Kansas Senate Stops Anti-Abortion Bill That Would Have Required Doctors To Give False Information

Posted on May 11, 2012

Think Progress, May 11, 2012 by Amanda Peterson Beadle

Kansas Senate President Steve Morris (R) effectively killed an anti-abortion bill by sending it back to a Senate committee that is unlikely to bring it up for a vote before the legislative session ends today. “It is prudent for the Senate to have more time to consider the proposal,” he said.

In a last-ditch effort, House Judiciary Committee Chairman Lance Kinzer (R) said the bill’s supporters are trying to pull the bill from committee onto the floor, but they would need 24 votes in the 40-member Senate and it is unclear if they would succeed.

The far-reaching legislation, which the House had passed and governor had promised to sign, would have defined a fetus as a human being, required women to hear the fetal heartbeat prior to undergoing an abortion, forced doctors to warn women that abortions cause breast cancer — even though scientific studies have disputed the claim. Morris said he was concerned about a provision in the 69-page bill that would have affected the accreditation of the University of Kansas Medical Center because it would have banned state employees, including residents who need the training, from performing abortions.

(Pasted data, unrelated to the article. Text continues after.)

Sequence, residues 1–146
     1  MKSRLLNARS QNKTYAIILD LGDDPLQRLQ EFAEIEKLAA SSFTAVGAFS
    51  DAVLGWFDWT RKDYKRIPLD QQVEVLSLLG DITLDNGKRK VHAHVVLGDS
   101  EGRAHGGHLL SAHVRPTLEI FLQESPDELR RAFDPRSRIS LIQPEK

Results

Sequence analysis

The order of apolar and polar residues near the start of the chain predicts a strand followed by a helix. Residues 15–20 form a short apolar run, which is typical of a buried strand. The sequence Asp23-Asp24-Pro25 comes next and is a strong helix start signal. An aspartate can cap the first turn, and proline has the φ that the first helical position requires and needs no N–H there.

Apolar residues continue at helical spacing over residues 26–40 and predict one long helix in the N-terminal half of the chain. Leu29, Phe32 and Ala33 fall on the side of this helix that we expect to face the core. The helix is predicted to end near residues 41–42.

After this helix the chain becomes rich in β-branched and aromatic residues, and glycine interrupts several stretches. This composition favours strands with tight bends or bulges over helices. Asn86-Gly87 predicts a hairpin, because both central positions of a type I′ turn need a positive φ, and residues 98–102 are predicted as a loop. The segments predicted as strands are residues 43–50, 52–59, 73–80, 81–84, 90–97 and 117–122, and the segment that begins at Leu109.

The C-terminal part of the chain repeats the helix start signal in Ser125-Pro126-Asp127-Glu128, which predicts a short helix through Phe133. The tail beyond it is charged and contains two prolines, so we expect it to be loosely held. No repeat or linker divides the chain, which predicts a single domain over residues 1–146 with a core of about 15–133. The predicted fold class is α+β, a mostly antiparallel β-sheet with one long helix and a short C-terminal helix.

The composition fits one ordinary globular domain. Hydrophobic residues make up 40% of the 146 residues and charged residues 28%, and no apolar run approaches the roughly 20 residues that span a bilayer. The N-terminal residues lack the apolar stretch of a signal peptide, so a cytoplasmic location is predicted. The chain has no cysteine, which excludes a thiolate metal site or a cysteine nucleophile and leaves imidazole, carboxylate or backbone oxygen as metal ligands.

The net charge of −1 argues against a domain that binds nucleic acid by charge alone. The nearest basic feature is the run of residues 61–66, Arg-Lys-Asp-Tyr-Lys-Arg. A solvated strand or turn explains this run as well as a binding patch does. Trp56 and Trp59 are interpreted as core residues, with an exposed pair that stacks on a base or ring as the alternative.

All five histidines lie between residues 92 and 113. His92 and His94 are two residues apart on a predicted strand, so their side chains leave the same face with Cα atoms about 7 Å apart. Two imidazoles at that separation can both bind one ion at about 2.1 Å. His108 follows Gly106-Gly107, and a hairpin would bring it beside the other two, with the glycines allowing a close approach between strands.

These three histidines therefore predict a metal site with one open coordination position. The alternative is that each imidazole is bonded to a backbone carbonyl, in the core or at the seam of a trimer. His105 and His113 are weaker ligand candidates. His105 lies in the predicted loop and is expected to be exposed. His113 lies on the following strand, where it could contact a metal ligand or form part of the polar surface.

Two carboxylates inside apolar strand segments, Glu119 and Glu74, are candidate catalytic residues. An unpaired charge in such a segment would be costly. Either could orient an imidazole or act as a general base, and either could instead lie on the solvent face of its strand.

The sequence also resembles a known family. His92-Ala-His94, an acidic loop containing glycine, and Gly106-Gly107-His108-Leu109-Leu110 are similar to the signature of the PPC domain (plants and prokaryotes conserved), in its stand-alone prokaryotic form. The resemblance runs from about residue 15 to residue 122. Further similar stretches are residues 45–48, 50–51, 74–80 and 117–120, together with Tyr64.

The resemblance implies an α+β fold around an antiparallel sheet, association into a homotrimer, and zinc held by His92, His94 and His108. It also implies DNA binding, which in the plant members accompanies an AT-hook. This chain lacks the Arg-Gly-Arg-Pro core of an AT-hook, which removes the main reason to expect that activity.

Posted in: Kansas